Towns, Cities, Villages and Hamlets

Kingston

Samuel Lewis's Topographical Gazeetter 1831

KINGSTON, a parish in the hundred of LONGSTOW, county of CAMBRIDGE, 3¾ miles (E. S. E ) from Caxton, containing 278 inhabitants, The living is a rectory, in the archdeaconry and diocese of Ely, rated in the kings books at 11. 15. 5., and in the patronage of the Provost and Fellows of King's College, Cambridge. The church is dedicated to Saints and St. Andrew. Here were anciently a market and two fairs. A charity school was Founded, in 1702, by Mr. Francis Todd, who endowed it with a rent-charge of about 13.

For the Family Historian details of available records can be found on the Kingston page of GENUKI Cambridgeshire.

Domesday Book Entry

*** To be transcribed ***

War Memorial

The war memorial and the men on it have been documented on the Roll of Honour website for Cambridgeshire pages.

KINGSTON is a parish about 8 miles north from Royston station on the Hitchin, Royston and Cambridge line of the London and North Eastern railway, 4 miles east from the Old North Road station on the Bedford and Cambridge branch of the London, Midland and Scottish railway and 8 south-west from Cambridge, in the hundred of Longstow, petty sessional division of Caxton, union of Caxton and Arrington, county court district of Cambridge, rural deanery of Bourn and archdeaconry and diocese of Ely.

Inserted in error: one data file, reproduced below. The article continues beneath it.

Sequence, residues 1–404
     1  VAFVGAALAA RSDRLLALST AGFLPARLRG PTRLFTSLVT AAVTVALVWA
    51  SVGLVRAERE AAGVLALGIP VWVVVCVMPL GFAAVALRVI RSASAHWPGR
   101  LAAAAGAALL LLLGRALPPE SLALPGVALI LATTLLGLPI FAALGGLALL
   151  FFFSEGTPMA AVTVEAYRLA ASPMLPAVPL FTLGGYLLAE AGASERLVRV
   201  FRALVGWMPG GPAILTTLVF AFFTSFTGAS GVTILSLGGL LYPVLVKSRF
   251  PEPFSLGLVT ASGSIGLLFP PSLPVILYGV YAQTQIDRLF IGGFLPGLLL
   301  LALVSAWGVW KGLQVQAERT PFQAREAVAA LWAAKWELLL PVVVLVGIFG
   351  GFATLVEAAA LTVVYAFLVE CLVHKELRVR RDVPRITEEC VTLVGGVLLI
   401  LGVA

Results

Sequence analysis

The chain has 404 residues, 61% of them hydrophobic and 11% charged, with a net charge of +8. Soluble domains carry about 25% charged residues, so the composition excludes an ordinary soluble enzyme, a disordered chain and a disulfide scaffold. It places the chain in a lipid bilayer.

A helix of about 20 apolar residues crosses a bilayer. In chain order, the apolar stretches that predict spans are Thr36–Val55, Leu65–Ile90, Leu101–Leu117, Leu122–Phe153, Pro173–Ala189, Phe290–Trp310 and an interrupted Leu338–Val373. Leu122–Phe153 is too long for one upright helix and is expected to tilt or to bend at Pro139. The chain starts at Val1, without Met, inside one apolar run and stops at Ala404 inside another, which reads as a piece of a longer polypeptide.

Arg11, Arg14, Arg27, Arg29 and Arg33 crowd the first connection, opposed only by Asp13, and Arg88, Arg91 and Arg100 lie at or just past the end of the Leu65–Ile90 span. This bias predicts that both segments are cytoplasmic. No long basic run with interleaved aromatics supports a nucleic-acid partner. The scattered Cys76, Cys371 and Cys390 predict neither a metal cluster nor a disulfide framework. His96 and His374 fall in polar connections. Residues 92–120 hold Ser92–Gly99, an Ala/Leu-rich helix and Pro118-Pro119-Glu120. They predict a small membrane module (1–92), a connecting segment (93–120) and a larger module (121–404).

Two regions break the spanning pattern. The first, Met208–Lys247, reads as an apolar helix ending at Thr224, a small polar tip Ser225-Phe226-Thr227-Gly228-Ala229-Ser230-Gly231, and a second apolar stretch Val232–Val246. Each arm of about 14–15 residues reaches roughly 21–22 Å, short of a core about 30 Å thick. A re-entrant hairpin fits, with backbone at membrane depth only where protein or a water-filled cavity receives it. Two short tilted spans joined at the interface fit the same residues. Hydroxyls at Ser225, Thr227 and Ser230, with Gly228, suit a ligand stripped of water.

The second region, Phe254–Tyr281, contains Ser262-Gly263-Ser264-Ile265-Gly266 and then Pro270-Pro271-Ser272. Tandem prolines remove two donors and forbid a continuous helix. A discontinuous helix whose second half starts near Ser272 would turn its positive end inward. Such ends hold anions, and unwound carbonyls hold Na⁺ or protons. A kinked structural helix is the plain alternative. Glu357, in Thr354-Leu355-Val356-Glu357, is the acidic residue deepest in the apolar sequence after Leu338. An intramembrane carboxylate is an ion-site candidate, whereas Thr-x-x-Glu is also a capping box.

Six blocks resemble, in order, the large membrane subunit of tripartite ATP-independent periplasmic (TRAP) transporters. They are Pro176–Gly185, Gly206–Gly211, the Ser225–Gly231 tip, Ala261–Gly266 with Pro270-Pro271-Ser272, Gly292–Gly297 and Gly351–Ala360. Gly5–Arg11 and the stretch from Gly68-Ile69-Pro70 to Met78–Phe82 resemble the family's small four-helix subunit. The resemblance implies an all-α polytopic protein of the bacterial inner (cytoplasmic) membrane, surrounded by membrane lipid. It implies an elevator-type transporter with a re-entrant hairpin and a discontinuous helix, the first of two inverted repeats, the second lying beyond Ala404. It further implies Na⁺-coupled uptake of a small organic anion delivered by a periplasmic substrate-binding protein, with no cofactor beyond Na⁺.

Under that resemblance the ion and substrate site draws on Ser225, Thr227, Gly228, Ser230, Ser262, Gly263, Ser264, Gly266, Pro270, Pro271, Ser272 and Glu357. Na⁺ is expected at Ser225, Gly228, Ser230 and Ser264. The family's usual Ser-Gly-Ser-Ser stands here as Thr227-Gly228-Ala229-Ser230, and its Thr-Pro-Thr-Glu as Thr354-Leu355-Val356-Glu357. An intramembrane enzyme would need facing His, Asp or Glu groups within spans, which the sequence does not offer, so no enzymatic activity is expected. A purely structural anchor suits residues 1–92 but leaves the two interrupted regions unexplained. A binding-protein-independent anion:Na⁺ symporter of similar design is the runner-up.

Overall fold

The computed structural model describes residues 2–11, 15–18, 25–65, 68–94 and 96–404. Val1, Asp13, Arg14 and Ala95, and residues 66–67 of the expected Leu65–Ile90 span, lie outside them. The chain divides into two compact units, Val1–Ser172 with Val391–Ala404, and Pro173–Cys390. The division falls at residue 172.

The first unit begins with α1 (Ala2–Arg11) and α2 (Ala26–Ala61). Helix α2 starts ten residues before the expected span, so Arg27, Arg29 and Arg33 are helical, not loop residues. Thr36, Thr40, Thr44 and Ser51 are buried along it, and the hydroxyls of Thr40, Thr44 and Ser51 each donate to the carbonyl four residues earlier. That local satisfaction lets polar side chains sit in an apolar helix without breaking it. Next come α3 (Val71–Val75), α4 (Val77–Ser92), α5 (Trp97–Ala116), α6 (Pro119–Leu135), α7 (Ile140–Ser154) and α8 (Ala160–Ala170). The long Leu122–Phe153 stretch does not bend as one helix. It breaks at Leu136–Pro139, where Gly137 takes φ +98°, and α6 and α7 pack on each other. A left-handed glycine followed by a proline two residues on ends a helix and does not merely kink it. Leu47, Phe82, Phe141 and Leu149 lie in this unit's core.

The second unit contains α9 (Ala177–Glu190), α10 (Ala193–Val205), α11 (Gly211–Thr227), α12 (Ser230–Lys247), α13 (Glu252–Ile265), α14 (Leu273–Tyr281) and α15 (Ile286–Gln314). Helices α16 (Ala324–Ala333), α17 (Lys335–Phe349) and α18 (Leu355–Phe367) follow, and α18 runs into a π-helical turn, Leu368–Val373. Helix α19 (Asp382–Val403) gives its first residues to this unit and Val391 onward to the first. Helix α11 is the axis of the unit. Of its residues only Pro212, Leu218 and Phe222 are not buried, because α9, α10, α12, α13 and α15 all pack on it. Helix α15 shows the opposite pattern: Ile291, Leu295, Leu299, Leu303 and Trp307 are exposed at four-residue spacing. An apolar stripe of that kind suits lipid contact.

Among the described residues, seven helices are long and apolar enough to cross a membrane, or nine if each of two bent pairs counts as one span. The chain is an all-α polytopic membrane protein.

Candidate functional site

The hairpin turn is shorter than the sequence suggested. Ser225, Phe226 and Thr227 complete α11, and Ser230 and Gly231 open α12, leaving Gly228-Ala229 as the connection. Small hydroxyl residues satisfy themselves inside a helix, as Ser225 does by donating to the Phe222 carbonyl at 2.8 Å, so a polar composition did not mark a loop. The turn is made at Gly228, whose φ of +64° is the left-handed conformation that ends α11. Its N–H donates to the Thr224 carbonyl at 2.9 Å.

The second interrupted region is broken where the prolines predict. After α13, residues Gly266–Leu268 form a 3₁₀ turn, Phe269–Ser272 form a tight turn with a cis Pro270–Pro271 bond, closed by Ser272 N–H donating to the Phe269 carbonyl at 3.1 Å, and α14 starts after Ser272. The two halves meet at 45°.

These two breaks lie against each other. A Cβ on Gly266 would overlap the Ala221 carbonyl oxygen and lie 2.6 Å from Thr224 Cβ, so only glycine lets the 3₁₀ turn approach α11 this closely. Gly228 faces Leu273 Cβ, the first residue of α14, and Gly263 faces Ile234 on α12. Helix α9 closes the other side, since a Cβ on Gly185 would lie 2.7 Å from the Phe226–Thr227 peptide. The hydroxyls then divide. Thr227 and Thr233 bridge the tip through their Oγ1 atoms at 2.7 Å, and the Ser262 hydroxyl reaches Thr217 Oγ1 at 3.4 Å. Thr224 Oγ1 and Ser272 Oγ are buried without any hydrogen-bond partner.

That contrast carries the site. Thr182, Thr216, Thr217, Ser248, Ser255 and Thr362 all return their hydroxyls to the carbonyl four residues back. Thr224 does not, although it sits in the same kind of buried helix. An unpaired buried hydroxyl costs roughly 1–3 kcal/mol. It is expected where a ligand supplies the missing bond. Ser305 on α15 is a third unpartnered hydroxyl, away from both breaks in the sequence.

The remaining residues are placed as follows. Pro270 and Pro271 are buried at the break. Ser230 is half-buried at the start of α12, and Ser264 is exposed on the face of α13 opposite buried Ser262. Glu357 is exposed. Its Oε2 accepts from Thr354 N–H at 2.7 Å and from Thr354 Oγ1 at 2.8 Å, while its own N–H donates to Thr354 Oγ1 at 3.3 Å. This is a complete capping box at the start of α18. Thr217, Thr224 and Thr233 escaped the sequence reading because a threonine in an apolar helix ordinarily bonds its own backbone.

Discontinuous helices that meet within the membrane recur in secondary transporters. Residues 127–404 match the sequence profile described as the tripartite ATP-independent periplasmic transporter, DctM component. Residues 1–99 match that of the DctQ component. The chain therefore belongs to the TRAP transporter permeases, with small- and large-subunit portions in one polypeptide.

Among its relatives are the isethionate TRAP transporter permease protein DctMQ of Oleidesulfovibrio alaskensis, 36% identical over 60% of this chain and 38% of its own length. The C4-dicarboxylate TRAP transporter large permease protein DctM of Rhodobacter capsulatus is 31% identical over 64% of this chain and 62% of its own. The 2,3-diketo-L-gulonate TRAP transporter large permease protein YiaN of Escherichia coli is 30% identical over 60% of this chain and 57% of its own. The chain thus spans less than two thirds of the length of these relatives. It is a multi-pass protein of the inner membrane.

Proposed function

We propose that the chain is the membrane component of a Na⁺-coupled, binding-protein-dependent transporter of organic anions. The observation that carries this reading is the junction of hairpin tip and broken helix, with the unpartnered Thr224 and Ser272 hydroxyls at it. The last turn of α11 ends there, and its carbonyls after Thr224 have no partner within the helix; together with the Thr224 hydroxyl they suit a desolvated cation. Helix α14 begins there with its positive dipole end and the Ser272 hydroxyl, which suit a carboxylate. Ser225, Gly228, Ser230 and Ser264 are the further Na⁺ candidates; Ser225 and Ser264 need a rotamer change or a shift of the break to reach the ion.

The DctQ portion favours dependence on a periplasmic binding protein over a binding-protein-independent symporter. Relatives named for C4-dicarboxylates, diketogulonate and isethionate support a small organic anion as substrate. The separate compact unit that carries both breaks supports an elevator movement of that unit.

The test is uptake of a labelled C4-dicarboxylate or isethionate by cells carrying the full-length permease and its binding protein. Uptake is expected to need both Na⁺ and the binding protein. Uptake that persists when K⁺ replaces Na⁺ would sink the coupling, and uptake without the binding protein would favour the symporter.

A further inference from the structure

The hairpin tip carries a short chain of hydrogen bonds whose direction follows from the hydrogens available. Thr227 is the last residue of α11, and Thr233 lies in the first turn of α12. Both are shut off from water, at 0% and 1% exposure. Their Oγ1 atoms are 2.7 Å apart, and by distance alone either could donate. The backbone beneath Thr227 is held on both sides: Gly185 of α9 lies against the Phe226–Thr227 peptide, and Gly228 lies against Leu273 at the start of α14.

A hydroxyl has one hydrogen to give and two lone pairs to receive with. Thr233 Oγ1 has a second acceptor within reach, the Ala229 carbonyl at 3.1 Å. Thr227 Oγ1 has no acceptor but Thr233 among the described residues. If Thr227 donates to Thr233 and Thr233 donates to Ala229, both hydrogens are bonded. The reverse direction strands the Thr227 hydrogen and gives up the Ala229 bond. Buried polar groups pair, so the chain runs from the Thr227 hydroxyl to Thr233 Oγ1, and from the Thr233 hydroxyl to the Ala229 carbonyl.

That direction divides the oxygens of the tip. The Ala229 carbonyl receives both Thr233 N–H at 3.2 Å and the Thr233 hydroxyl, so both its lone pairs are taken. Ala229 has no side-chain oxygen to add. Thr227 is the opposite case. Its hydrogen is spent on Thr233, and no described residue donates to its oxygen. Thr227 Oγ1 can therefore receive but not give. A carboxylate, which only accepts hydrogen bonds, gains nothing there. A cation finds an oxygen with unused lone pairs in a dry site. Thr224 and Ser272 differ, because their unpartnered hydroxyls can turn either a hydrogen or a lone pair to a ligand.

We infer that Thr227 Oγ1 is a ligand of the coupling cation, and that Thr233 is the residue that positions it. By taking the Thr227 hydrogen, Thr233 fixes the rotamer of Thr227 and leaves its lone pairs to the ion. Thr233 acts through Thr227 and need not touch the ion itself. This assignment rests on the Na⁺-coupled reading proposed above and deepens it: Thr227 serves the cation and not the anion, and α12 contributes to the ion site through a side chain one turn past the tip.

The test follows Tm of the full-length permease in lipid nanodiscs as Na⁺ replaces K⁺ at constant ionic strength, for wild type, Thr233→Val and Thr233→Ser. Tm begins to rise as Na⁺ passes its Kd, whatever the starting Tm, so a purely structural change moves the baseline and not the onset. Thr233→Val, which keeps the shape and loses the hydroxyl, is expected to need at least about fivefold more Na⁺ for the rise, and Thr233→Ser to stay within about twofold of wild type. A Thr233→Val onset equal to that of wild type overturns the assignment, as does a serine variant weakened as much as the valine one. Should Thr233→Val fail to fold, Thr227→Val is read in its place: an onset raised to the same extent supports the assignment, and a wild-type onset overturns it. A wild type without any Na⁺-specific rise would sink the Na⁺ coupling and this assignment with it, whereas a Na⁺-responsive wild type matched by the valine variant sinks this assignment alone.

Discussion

The church of All Saints and St. Andrew is a structure of rubble in the Decorated and Perpendicular styles, and consists of chancel, clerestoried nave, aisles, south porch and an embattled western tower with turret on the north side and containing 2 bells; the north well of the chancel retains a small recess, probably a reliquary, and on both sides are arches with plate tracery: there is an ancient chancel screen, beautifully carved, and a Decorated font with octagonal basin, supported on low shafts with trefoiled arches under crocketed canopies, and a fine old Jacobean pulpit: the arcades of the nave are Perpendicular: the church chest is of rude construction, with strong iron work: the church was restored in 1895 at a cost of £1,600, and affords 130 sittings. The register dates from the year 1570.

This place had formerly a market on Thursdays, granted in 1305 to Sir Constantine Mortimer, together with two fairs, one at the festival of St. Margaret, for six days, the other for three days at the festival of St. Luke: the market and fairs have long since become obsolete.

The soil is clay and gravel; subsoil, gault. The chief crops are wheat, oats and barley. The area is 1,907 acres the population in 1921 was 173.

[Extracts from Kelly's Directory - Cambridgeshire - 1929]

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